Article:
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Artificial reefs 'planted' to benefit Hong Kong dolphins

Chinese white dolphins live in Hong Kong's western harbor  
ENN



May 16, 2000
Web posted at: 12:41 p.m. EDT (1641 GMT)

Threatened by pollution, shipping traffic and overfishing, only 80 to 140 dolphins remain in Hong Kong's waters.

Last month, the government's Department of Agriculture, Fisheries and Conservation began "planting" artificial reefs in the hope that they will eventually attract enough fish to satisy the dolphins' diet.

Twenty-four aging river barges, 42 container units and thousands of hollow concrete blocks are being sunk in Sha Chau and Lung Kwu Chau Marine Park at a cost of US$650,000. Artificial reefs attract colonies of marine organisms, which in turn provide a source of food for fish.

"Dolphins frequent that area and we expect them to use the site a lot more now that the artificial reefs have been put down," said Keith Wilson, senior fisheries officer for the department.

Artificial reefs are not new, but this is believed to be the first time they have been deployed for the benefit of dolphins. Kindhearted sentiment wasn't the only motivation behind the effort. The reef project was required as mitigation for a temporary aviation fuel depot built in the dolphins' primary habitat.

Thousands of dollars have been spent to create artificial reefs to enhance fisheries habitat and biodiversity in Hong Kong's marine environment  

Hong Kong's dolphins belong to the Indo-Pacific humpbacked species, which is widely distributed from South Africa to Australia to the Chinese coast of the Yangtze River. But what has made these particular dolphins, as well as populations in the South China Sea and Southeast Asia, such a favorite of admirers is their coloring.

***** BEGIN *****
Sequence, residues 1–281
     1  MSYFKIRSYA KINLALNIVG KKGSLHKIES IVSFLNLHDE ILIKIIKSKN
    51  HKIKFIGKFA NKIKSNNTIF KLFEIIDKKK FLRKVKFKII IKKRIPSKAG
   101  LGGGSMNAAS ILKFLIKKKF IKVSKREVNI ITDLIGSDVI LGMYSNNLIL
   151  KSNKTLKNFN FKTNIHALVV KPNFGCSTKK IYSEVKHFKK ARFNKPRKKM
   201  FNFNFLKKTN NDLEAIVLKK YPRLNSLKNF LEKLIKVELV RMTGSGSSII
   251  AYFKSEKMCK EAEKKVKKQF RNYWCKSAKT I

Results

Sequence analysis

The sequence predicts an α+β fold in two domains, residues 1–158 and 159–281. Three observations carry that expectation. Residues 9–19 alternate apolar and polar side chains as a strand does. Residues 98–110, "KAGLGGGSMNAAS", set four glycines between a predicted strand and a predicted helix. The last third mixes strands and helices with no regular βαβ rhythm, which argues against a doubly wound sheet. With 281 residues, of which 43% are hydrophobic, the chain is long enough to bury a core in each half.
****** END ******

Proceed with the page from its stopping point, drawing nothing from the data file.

Born nearly black, the dolphins gradually become white or pink as they reach adulthood. Their striking pink body color appears almost rouge-like against the dark blue water as they leap and frolic in group formation.

One theory is that the pinkness is caused by blood vessels dilating from exertion or overheating, much like flushing in humans.

Scientists and environmental groups would like to believe that artificial reefs offer compensation for the many manmade ills to which the dolphins have been subjected, but a there are concerns about the effectiveness of the program.

"I'm not really excited about it, but there's no harm in trying," said Thomas Jefferson, co-director of Hong Kong's nonprofit Ocean Park Conservation Foundation established for the conservation and long-term management of marine mammals in Southeast Asia.

Jefferson believes more urgent issues such as improving the quality of Hong Kong's water, should have a higher priority. Every day, for instance, some 190,000 cubic meters of largely untreated sewage are dumped into the dolphins' western harbor environment. DDT and heavy metals, including mercury, have also been found in dolphin tissue samples.

Others question whether the artificial reefs will enhance fish stocks. "If not designed for a particular species, there's no scientific evidence to support that they do," declared Yvonne Sadovy, associate professor in the department of ecology and biodiversity at the University of Hong Kong.

Wilson begs to differ. Based on a large-cale artificial reef program under way in Hong Kong, a 40 percent increase in fish stocks over the next 15 years is indicated, he said.

For Hong Kong's long-suffering dolphins, it's a matter of wait-and-see.

Copyright 1999, Environmental News Network, All Rights Reserved




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Italian biologist bonds with L.A. dolphins
February 23, 2000
U.S. implements new dolphin-safe standards
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RELATED ENN STORIES:
Marine mammals stroke-and-glide to depth
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RELATED SITES:
Hong Kong Dolphinwatch Limited
Chinese White Dolphin
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The Dolphin Institute

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